Jan 03, 2020 7:04 PM

Lawmaker sees several issues vying for attention in upcoming session

Posted Jan 03, 2020 7:04 PM
State Sen. Tony Luetkemeyer looks on as Gov. Mike Parson addresses a news conference in St. Joseph.
State Sen. Tony Luetkemeyer looks on as Gov. Mike Parson addresses a news conference in St. Joseph.


St. Joseph Post

A state senator who represents St. Joseph in the legislature says lawmakers will tackle a number of issues in the upcoming legislative session.

“One is going to be dealing with crime issues,” Sen. Tony Luetkemeyer tells reporters. “It’s something that has plagued St. Joe. It has plagued a lot of different areas in the state, the increase in violent crime, the increase in property-related crimes; car-jackings, theft is up in St. Joe. I know that’s been an issue that has been a major local focus.”

Luetkemeyer, who is from Parkville, will push a package of anti-crime measures when the legislature reconvenes in Jefferson City next week.

“So, that’s going to be a big personal priority,” Luetkemeyer says. “The governor has been talking about that a fair amount as well, and so I guess that’s probably going to be a big priority for the General Assembly as a whole.”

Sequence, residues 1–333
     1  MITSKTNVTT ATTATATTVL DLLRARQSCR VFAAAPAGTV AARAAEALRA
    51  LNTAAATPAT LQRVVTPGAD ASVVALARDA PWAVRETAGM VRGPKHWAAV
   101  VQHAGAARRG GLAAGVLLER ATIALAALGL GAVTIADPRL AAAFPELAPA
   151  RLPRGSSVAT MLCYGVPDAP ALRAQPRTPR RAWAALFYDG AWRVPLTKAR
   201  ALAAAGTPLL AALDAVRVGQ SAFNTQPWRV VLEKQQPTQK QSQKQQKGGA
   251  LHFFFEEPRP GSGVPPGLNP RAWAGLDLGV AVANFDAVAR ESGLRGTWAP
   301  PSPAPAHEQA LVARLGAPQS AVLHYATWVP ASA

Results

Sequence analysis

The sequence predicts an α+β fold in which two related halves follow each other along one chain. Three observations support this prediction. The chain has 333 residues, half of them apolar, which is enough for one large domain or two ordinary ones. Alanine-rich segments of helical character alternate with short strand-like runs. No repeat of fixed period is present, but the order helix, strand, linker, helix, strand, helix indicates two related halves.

One proposal would prevent probation from being given to many repeat offenders, another would make armed criminal action a more serious offense.

Another issue, according to Luetkemeyer, will be property tax reform.

Luetkemeyer says homeowners have been alarmed by the increases contained in their new property tax assessments they received in the mail.

“You saw record increases in property tax assessments around the state this year,” according to Luetkemeyer. “People were not given adequate notice to be able to appeal those tax increases and so I have a series of bills to address that issue, to make sure that taxpayers are having notice when their tax assessments go up dramatically.”

Luetkemeyer proposes legislation which would limit increases in property assessments and would require a physical inspection of any property which would see an assessment increase higher than 5%.

Luetkemeyer also is sponsoring legislation which would legalize sports book betting in Missouri, arguing that it is going on in the state now without the protection of regulations or the benefit of generating revenue for the state.

A United States Supreme Court ruling in 2018 paved the way for states to allow sports betting. Several states have enacted sports book betting, both online and at casinos, with many others considering like legislation.